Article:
120 Days is a documentary that is meant to open a discussion about Immigration policy reform in America.It closely follows the personal life of Miguel Cortes, an undocumented immigrant who lived with his family in North Carolina for twelve years, as he counts down his last days in the United States.
Before the movie begins, a North Carolina police pulled over Cortes for a routine traffic stop and arrested him after discovering this immigration status. The police quickly turned Cortes into U.S. Immigration and Customs Enforcement, or ICE, because the 278(g) policy passed in North Carolina permits police officers to operate like ICE officials in order to get “dangerous” immigrants off the street.
Arizona attempted to enforce a similar policy in 2010. S.B. 1070 allowed police to check a person’s immigration status during routine policing procedures, which in turn created problems when lawmakers suspected police were targeting individuals through racial profiling. As a result of the policy, Latino businesses closed and populations plummeted while community trust in law enforcement reacted similarly.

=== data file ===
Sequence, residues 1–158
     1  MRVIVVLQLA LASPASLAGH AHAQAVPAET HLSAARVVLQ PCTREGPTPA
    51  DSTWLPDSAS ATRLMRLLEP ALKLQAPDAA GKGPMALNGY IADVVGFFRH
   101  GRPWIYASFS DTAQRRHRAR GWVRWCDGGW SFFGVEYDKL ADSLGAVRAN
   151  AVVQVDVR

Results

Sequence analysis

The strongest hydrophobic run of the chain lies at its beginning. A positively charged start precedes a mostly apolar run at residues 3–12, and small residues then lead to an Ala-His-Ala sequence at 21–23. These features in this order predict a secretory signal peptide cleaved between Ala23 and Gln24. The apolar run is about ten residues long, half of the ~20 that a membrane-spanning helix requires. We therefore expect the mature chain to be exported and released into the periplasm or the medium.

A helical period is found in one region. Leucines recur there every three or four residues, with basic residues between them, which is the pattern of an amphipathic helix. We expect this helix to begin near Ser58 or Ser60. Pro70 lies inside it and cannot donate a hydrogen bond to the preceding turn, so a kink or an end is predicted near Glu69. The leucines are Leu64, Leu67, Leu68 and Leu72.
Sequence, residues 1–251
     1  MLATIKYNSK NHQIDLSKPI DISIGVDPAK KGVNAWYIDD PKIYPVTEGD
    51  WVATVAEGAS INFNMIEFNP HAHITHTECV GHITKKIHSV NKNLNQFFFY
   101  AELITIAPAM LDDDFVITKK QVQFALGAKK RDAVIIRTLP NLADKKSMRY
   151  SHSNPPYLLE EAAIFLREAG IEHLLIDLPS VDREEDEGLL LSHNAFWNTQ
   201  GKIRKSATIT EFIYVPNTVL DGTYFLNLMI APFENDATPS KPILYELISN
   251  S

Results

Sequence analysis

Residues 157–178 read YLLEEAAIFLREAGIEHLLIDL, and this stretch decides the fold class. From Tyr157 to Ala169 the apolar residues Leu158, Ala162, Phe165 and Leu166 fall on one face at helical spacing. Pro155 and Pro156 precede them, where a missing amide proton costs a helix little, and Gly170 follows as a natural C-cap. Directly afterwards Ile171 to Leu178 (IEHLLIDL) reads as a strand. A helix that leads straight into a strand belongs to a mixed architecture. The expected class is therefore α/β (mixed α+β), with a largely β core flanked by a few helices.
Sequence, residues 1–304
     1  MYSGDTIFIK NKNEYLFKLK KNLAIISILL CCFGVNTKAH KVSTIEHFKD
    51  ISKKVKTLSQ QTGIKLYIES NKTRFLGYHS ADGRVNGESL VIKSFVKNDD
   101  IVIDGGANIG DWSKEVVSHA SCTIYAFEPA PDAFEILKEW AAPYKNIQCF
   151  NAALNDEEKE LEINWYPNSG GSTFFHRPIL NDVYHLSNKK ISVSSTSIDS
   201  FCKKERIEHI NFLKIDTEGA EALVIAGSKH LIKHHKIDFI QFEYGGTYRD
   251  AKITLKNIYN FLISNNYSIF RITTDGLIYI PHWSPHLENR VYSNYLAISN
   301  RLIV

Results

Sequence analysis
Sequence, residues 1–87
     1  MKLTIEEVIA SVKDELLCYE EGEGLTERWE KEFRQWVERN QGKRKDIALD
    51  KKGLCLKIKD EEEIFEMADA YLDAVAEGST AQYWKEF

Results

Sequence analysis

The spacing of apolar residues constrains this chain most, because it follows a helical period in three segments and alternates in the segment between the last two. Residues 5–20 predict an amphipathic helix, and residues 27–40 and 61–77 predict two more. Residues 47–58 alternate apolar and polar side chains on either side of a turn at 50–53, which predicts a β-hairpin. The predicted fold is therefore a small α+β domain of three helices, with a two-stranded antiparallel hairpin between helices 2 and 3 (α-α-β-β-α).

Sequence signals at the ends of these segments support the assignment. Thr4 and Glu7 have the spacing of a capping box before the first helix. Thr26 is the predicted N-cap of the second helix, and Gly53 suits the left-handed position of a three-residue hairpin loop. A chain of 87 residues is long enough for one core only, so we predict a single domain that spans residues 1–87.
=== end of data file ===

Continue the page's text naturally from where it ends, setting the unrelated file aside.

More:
Seeing as law enforcement relies heavily on community involvement to maintain order, policies such as these discourage residents from speaking up due to the fear of deportation, ultimately making law enforcement’s job more difficult.
The Cortes family appears to be the exact opposite of dangerous. Not every immigrant is dangerous like the ones broadcasted on TV. Many are from wholesome, hard-working families, restlessly chasing the American Dream.
Miguel and his wife were prominent community leaders who volunteered for their church’s choir and found time to teach dance classes to children despite their anxiety about Miguel’s departure. Their daughters excelled in school, just as they hoped.
“For me, the United States was always the land of opportunity,” Miguel’s wife, Maria-Luisa, says in the film. “I remember crossing…we risked a lot, wanting a better life for our daughters.”
The Cortes family seem like the “model” example for immigrant families. They have heavy community involvement, excel in school, have never broken the law in the twelve years since living in America. Despite this Miguel is being deported because of a law originally intended to be used on criminals.
The documentary can be seen here.